Think Pink!

October 6, 2010 by Molly Huff

October is National Breast Cancer Awareness Month, and in the spirit of providing our patients and readers with helpful, healthful information, here are some facts about breast cancer and its prevention, diagnosis, treatments - and how you can get involved.

It is estimated that there will be over 200,000 new cases of breast cancer diagnosed in 2010 and over 39,000 deaths from the disease. In light of these dim statistics, though, there are so many ways to educate yourself in prevention and treatment. Knowledge is certainly power in this case, and here are a few things you should know:

Understanding Risk and Prevention

  • Know your risk – learn about your family history and talk to your health care provider about your personal risk of breast cancer.
  • Get screened – Ask your health care provider what screening tests make sense for you. Typically, the guidelines include a clinical breast exam at least every three years starting at age 20, and every year starting at age 40; and, mammograms are generally recommended every year starting at age 40 if you are at average risk.
  • Know what is normal for you, and see your health care provider if you notice any of these changes:
    • Lump, hard knot or thickening
    • Swelling, warmth, redness or darkening
    • Change in the size of shape of the breast
    • Dimpling or puckering of the skin
    • Itchy, scaly sore or rash on the nipple
    • Pulling in of your nipple or other parts of the breast
    • Nipple discharge that starts suddenly
    • New pain in one spot that doesn’t go away
  • Make healthy lifestyle choices:
    • Maintain a healthy weight
    • Add exercise into your routine
    • Limit alcohol intake

If, indeed, you are diagnosed with breast cancer, you should know that over the past 20 years, great strides have been made in the treatment of this disease. In fact, the number of breast cancer survivors continues to rise and there are about 2.5 million survivors in the U.S. today.

Some treatments for breast cancer include:
• Surgery
• Radiation therapy
• Chemotherapy
• Chemotherapy drugs
• Hormone therapies
• Targeted therapies
• Neoadjuvant (preoperative) therapies
• Emerging therapies

There are also many ways to support the fight against breast cancer. In addition to national organizations like the Susan G. Komen Foundation and the American Cancer Society, many local organizations have information, support groups and events; check online, with your health care provider or phone book.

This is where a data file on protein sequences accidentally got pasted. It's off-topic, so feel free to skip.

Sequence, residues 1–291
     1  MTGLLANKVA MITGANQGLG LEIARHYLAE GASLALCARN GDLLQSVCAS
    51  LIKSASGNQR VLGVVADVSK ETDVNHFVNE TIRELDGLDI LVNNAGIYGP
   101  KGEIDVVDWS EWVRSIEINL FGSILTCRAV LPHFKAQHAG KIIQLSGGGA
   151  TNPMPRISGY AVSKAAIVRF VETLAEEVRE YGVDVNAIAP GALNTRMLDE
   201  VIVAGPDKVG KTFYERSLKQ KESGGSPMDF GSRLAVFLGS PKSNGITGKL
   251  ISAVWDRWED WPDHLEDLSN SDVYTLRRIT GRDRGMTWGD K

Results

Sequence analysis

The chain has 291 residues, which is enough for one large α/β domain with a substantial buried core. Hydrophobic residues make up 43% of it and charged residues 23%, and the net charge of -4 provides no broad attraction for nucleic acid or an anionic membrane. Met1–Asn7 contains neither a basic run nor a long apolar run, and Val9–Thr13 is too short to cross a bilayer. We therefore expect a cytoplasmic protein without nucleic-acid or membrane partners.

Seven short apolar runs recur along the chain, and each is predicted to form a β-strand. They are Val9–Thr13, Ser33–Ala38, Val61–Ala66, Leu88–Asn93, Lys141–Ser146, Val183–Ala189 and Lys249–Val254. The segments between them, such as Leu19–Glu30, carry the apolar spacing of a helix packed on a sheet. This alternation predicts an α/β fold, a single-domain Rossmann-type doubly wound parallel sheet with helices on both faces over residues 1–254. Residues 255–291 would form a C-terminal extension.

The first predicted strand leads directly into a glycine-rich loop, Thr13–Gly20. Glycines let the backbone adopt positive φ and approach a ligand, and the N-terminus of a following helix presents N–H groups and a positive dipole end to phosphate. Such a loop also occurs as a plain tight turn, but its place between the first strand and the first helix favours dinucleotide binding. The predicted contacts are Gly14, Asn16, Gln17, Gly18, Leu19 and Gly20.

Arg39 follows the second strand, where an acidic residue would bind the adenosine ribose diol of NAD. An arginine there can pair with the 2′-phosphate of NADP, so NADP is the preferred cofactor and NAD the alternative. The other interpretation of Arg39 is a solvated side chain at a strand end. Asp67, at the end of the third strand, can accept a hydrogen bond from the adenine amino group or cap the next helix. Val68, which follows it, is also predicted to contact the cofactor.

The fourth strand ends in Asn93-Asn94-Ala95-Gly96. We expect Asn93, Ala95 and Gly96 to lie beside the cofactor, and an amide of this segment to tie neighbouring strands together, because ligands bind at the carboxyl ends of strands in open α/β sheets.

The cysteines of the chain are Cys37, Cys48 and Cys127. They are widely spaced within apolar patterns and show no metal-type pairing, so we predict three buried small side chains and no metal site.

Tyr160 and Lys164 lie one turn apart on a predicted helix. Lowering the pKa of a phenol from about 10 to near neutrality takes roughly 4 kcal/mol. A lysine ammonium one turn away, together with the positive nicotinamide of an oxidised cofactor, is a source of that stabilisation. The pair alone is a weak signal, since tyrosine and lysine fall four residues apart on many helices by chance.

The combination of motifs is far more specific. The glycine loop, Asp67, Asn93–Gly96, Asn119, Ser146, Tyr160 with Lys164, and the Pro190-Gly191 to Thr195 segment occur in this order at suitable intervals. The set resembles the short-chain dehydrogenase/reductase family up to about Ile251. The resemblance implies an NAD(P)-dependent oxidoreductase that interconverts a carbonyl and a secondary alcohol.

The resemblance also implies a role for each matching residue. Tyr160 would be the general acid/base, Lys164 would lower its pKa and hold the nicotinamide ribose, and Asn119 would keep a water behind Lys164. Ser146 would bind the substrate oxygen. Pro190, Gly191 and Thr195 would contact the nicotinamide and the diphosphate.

A local Cancer Support Group here in Tiftarea is held every fourth Tuesday of the month at 5:30 P.M.  This group meets at the Tift Regional Medical Center Oncology Center at 1623 Madison Avenue, Tifton, Georgia.  You can register by calling Tift Regional at 229.386.1300 or at the Calendar of Events at Tift Regional's website.

There is also a free Lunch & Learn Lecture on October 19th of this month entitled, "What Every Woman Should Know About Breast Cancer."  Sponsored by TRMC's Community Spirit Program, the presenter will be Judy Weaver.  This event is going to be held at the UGA Tifton Campus Conference Center.  Call 229.353.6318 to register or visit the Calendar of Events at Tift Regional's website.

Girls Night Out at the TRMC's Women's Imaging Center holds a quarterly "Girls Night Out" that offers convenient evening appointment times for women who may not be able to receive their annual mammograms during regular working hours.  Medicare, Medicaid, cash and most forms of insurance are accepted.  "Girls Night Out" participants are also treated to free massages, hand treatments, hors d'oeuvres and girl time.  Appointments are required - have your physician's office call 229.353.7899 to schedule a "Girls Night Out' mammogram. 

Learn more about breast cancer and what you can do to prevent, treat and support the fight against this disease here.